On Sunday, the state will officially move providers of behavioral health services for low-income Ohioans into Medicaid managed care.
That’s a huge change for how they get paid for providing addiction and mental illness treatment, family counseling and other services. These last few days are causing lots of worry for some of those providers.
The state’s Office of Health Transformation says rapid response teams have been set up to help providers who are having trouble with the managed-care plans that will pay claims.
Lori Criss represents a coalition of providers who do about 70 percent of this work, and says the response sometimes isn’t all that rapid.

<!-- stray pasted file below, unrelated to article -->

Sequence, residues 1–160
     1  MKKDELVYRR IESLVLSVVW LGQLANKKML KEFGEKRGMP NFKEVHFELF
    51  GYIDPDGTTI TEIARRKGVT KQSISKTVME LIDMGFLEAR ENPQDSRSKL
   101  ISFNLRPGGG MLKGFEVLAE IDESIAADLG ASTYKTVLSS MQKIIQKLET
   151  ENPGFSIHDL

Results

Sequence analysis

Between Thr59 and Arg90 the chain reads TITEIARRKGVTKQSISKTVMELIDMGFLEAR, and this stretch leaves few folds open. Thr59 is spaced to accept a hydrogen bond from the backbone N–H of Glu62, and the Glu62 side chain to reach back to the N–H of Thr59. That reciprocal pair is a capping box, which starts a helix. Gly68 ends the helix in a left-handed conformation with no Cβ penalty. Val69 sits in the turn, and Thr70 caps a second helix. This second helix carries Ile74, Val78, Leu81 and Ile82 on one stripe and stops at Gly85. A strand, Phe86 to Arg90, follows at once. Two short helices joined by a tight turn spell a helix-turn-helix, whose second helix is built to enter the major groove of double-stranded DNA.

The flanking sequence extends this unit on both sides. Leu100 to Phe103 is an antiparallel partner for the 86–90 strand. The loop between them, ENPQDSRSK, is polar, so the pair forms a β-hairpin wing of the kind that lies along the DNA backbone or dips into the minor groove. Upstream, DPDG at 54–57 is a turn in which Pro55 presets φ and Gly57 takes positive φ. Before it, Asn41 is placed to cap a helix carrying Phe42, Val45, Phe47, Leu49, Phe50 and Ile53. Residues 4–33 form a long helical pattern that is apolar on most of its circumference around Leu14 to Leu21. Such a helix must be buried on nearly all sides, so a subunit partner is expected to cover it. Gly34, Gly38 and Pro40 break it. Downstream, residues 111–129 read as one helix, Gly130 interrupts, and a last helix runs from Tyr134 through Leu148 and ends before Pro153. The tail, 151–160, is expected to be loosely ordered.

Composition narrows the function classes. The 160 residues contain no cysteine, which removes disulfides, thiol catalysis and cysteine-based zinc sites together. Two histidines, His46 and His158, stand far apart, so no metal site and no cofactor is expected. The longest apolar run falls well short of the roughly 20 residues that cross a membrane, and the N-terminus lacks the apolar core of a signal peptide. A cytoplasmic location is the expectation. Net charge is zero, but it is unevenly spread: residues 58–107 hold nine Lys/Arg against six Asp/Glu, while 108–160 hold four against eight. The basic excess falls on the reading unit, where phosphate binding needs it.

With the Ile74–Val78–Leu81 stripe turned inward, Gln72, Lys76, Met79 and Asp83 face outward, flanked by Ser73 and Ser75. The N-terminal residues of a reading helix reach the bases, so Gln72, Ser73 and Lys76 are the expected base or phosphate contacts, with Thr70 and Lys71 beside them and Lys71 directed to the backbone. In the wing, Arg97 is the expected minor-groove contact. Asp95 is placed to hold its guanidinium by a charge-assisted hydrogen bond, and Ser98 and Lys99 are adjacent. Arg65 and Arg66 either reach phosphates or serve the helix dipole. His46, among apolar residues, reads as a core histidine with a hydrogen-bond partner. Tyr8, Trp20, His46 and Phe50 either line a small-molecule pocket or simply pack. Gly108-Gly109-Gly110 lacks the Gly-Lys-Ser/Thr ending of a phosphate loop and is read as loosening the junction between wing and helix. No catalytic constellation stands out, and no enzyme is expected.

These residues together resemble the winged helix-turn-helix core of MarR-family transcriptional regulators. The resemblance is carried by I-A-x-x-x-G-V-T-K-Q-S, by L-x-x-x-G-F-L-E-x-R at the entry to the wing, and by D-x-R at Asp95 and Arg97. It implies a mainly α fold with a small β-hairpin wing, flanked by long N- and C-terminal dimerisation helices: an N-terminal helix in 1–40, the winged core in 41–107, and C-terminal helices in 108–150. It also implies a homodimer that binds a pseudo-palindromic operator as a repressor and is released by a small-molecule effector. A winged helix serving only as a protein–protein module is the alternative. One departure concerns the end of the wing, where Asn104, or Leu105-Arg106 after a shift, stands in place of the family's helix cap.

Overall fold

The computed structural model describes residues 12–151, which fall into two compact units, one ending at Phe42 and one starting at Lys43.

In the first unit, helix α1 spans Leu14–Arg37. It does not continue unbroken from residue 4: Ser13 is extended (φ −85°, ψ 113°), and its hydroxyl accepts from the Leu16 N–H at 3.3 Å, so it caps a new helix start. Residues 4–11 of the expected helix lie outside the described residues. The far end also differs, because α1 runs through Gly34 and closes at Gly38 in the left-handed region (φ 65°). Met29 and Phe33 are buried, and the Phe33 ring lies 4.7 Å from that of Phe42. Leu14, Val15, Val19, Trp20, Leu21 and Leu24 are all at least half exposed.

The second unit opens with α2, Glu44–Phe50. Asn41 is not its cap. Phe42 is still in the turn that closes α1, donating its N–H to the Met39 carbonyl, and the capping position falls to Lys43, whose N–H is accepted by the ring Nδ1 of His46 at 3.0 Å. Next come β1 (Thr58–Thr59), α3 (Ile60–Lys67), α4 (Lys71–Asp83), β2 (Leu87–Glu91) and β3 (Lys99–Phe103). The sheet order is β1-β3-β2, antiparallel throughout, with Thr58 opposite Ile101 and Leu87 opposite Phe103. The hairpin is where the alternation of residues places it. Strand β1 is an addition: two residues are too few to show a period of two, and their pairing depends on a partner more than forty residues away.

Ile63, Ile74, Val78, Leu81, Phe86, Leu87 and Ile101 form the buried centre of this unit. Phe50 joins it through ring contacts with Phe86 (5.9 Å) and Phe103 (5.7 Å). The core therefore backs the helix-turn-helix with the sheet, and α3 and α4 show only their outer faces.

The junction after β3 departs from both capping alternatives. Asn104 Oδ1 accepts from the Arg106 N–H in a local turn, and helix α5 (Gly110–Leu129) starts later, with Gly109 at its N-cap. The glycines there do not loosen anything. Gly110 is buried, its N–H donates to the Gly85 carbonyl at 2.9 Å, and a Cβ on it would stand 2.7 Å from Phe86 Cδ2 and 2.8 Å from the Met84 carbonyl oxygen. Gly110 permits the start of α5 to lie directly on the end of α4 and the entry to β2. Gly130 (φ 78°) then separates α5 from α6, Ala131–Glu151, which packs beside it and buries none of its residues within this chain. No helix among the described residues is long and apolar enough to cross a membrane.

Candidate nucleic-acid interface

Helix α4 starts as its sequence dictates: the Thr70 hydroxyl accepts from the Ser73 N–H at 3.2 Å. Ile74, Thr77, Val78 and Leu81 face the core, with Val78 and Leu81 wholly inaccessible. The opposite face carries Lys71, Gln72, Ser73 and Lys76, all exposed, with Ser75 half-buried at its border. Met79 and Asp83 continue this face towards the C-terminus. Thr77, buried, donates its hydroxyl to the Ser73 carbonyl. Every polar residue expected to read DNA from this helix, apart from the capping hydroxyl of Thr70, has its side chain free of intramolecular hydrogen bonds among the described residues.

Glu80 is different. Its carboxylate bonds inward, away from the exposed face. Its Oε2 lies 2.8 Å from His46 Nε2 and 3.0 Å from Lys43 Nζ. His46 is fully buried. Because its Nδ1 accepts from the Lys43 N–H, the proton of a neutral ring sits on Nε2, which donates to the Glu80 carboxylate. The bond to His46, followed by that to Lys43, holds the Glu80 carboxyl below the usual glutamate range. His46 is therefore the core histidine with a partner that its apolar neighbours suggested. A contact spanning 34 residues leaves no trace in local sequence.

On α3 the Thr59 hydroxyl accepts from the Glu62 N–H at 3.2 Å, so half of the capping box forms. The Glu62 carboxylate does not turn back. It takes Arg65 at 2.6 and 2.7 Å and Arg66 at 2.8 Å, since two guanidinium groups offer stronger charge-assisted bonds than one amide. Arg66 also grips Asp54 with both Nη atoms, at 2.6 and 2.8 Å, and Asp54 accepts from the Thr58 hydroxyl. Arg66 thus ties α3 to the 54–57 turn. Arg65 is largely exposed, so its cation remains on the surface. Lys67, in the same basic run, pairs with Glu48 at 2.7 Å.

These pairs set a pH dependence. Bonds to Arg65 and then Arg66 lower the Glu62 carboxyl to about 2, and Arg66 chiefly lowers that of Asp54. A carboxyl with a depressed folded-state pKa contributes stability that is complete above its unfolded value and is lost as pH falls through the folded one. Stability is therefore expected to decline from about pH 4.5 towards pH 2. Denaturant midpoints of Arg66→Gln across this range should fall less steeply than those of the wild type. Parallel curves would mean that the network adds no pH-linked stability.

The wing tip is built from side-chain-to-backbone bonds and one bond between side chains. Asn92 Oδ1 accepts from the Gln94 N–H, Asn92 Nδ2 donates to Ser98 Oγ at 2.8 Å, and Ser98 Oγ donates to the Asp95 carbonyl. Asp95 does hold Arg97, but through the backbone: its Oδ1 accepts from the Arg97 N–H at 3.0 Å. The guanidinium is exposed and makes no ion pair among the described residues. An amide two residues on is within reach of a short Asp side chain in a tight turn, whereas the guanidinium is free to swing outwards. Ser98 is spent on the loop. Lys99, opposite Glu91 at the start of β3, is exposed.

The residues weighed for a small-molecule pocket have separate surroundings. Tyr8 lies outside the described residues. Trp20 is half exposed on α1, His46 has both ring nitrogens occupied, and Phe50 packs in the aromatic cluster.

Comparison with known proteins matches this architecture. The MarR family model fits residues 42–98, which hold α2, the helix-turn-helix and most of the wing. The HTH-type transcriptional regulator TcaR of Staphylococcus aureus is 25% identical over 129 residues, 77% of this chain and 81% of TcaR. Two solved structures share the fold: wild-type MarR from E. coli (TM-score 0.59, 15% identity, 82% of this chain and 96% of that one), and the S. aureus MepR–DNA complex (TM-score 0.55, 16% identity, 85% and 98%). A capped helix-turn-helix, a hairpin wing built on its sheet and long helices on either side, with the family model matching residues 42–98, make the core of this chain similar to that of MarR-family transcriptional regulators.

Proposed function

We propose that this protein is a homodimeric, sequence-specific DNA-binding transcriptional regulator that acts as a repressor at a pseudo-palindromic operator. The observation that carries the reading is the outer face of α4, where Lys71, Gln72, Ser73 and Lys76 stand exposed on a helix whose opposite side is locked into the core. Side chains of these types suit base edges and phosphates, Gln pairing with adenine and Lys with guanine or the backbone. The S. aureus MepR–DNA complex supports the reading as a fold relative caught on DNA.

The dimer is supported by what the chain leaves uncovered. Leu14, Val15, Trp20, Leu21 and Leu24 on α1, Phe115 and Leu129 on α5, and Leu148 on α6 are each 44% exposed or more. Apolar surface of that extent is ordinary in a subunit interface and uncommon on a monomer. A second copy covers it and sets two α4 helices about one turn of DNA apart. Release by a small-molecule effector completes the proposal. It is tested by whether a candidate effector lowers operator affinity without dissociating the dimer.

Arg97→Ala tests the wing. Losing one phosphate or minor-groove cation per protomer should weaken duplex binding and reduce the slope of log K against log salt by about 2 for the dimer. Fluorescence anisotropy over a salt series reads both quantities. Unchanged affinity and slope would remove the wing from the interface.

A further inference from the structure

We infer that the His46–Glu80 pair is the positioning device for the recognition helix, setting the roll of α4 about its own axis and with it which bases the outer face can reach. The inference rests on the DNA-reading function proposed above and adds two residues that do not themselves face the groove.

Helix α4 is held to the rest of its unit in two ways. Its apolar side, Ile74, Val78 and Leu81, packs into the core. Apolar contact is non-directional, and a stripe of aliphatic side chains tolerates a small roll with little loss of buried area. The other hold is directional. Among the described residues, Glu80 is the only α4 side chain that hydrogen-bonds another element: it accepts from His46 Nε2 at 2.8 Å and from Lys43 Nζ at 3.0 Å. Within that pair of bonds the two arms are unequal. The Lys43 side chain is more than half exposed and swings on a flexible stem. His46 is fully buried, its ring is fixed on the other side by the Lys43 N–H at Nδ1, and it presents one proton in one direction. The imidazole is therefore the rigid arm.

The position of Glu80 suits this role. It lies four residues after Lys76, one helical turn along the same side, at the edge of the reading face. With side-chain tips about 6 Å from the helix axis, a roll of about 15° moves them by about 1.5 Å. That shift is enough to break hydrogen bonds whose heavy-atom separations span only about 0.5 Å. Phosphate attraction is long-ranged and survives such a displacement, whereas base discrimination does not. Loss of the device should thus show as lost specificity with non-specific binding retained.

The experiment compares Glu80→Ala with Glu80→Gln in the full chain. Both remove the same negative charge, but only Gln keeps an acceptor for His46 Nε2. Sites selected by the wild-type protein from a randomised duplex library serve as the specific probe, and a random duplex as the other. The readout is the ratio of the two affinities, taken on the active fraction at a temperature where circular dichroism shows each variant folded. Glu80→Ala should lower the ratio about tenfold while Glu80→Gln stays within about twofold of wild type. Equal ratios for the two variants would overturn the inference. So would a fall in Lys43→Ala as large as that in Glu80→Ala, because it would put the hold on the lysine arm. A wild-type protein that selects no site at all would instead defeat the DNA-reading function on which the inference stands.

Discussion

“People are waiting two weeks still not hearing back having to contact a second time asking for information,” Criss said. “Often the people they talk to aren't prepared to answer the specific question they have.”
The state says it hasn’t heard those concerns and will meet with the managed-care plans to find out what’s happening.
Criss says some providers are taking advantage of the offer of cash advances from the state, because problems processing claims and other issues have them worried that they’ll have to shut down.